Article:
• While segregation persisted in the armed forces, some change came on the home front. A. Philip Randolph, an African-American labor leader, presented President Roosevelt with a list of grievances regarding the civil rights of African-American workers in the nation’s defense industry. Randolph planned a huge protest. Fearing such a protest would undermine wartime unity, President Roosevelt issued Executive Order banning discriminatory employment practices in war-related work.

D) The war caused the production of nuclear weapons

  • The first ever use of these weapons, on Hiroshima and Nagasaki, demonstrated their horrifying powers of destruction.
  • The world was left under the threat of a nuclear war that might well have destroyed the entire planet.
  • Some people argue that this acted as a deterrent, making both sides in the Cold War so frightened of the consequences that they were deterred or discouraged from fighting each other.

E) Europe’s domination of the rest of the world ended

  • The four western European states which had played a leading role in world affairs for most of the first half of the twentieth century were now much weaker than before.
  • Germany was devastated and divided, France and Italy were on the verge of bankruptcy; although Britain seemed strong and victorious, with her empire intact, the cost of the war had been ruinous.
  • The USA had helped to keep Britain going during the war by sending supplies, but these had to be paid for later.
    • As soon as the war was over, the new US president, Truman, abruptly stopped all further help, leaving Britain in a sorry state: she had overseas debts of over £3000 million, many of her foreign investments had been sold off, and her ability to export goods had been much reduced.
    • She was forced to ask for another loan from the USA, which was given at a high rate of interest; the country was therefore closely and uncomfortably dependent on the USA.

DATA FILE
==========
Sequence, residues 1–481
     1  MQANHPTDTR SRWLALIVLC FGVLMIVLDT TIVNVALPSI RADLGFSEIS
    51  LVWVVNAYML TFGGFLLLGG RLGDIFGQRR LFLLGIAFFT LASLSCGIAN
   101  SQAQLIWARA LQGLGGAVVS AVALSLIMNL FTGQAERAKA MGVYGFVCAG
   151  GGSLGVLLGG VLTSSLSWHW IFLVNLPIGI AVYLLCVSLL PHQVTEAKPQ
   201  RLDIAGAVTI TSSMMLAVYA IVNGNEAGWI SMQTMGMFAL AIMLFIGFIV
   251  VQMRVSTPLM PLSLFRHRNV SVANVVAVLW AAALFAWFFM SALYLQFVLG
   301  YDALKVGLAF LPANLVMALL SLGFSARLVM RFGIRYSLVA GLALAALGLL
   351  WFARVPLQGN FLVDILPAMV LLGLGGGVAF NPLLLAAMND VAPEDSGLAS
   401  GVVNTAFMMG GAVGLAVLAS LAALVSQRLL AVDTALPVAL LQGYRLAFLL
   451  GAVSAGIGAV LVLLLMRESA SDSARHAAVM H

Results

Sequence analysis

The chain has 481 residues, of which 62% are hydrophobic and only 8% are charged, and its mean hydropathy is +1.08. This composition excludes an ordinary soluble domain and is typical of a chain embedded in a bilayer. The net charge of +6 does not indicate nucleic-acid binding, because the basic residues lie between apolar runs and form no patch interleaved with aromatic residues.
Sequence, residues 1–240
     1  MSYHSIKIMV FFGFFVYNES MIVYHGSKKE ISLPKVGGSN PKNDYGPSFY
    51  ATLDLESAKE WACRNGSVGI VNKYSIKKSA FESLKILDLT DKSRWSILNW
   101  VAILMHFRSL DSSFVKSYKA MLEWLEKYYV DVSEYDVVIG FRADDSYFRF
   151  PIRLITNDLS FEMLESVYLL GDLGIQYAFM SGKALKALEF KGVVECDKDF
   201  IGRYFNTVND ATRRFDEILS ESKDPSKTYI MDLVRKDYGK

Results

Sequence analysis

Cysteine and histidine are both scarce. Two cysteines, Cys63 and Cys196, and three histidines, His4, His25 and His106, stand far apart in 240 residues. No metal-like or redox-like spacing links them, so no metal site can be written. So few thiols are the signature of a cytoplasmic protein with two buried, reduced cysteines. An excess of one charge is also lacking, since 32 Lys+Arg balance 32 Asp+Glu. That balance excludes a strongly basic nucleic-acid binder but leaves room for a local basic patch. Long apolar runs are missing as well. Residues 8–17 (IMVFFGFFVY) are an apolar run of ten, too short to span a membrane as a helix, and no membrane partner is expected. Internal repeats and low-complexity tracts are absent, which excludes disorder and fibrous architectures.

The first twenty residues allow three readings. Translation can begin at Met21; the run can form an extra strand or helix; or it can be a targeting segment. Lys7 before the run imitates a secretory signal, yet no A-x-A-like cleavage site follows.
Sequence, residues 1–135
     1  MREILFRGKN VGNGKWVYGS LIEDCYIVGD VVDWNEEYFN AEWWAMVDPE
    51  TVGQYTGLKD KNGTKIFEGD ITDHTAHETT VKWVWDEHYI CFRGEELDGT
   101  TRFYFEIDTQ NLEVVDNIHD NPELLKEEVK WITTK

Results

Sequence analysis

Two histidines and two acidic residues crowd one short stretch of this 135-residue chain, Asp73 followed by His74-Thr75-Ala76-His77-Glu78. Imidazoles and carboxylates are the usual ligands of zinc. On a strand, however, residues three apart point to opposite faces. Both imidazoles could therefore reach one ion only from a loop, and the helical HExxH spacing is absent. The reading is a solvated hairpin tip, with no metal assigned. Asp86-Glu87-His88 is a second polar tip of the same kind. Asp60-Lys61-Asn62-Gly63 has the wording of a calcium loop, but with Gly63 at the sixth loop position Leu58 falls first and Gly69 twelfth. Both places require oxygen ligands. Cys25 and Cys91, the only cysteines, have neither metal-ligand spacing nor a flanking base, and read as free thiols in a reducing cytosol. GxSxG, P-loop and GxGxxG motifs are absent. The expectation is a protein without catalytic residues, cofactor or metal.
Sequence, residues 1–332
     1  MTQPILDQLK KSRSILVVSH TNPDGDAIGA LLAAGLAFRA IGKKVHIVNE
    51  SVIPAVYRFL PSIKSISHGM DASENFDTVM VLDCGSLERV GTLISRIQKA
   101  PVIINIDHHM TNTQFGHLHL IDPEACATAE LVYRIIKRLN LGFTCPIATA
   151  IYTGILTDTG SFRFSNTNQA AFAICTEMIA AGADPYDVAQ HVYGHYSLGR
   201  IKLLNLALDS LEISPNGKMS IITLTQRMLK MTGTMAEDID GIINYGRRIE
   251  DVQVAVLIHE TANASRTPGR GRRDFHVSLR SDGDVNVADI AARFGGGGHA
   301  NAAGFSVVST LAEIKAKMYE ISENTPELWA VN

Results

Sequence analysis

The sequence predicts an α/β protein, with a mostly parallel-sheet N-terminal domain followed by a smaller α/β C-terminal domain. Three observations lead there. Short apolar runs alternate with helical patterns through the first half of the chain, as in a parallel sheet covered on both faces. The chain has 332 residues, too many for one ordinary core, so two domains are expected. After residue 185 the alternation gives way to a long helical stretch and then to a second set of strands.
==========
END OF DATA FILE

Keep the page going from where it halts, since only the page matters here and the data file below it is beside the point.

F) Emergence of the superpowers and Cold War

  • The USA and the USSR emerged as the two most powerful nations in the world, and they were no longer as isolated as they had been before the war.
  • The USA had suffered relatively little from the war and had enjoyed great prosperity from supplying the other Allies with war materials and food.
  • The Americans had the world’s largest navy and air force and they controlled the atomic bomb.
  • The USSR, though severely weakened, still had the largest army in the world.
  • Both countries were highly suspicious of each other’s intentions now that the common enemies, Germany and Japan, had been defeated.
  • The rivalry of these two superpowers in the Cold War was the most important feature of international relations for almost half a century after 1945, and was a constant threat to world peace.

G) Decolonization

  • The war encouraged the movement towards decolonization.
  • The defeats inflicted on Britain, Holland and France by Japan, and the Japanese occupation of their territories – Malaya, Singapore and Burma (British), French lndo-China and the Dutch East Indies – destroyed the tradition of European superiority and invincibility.
  • It could hardly be expected that, having fought to get rid of the Japanese, the Asian peoples would willingly return to European rule. Gradually they achieved full independence, though not without a struggle in many cases.
  • This in turn intensified demands for independence among the peoples of Africa and the Middle East, and in the 1960s the result was a large array of new states.
  • The leaders of many of these newly emerging nations met in conference at Algiers in 1973 and made it clear that they regarded themselves as a Third World. By this they meant that they wished to remain neutral or non-aligned in the struggle between the other two worlds – communism and capitalism.
  • Usually poor and under-developed industrially, the new nations were often intensely suspicious of the motives of both communism and capitalism, and they resented their own economic dependence on the world’s wealthy powers.

H) The United Nations Organization (UNO)

  • This emerged as the successor to the League of Nations. Its main aim was to try to maintain world peace, and on the whole it has been more successful than its unfortunate predecessor.

I) Other effects:

  • Fall of axis power representing radical nationalist and militarist power (Germany, Italy and Japan)
  • Division of Europe (Eastern and Western)
  • Division of Germany
  • Europe became main platform of the cold war
  • World became bipolar (USA and USSR)
  • Division of Korea
  • Rise of Third World and NAM
  • Rise of Bretton-Woods institutions
  • Rise of GATT
  • Beginning of new age of Human Rights- as a result of Human Rights Declaration by UN in 1948
  • Progress in science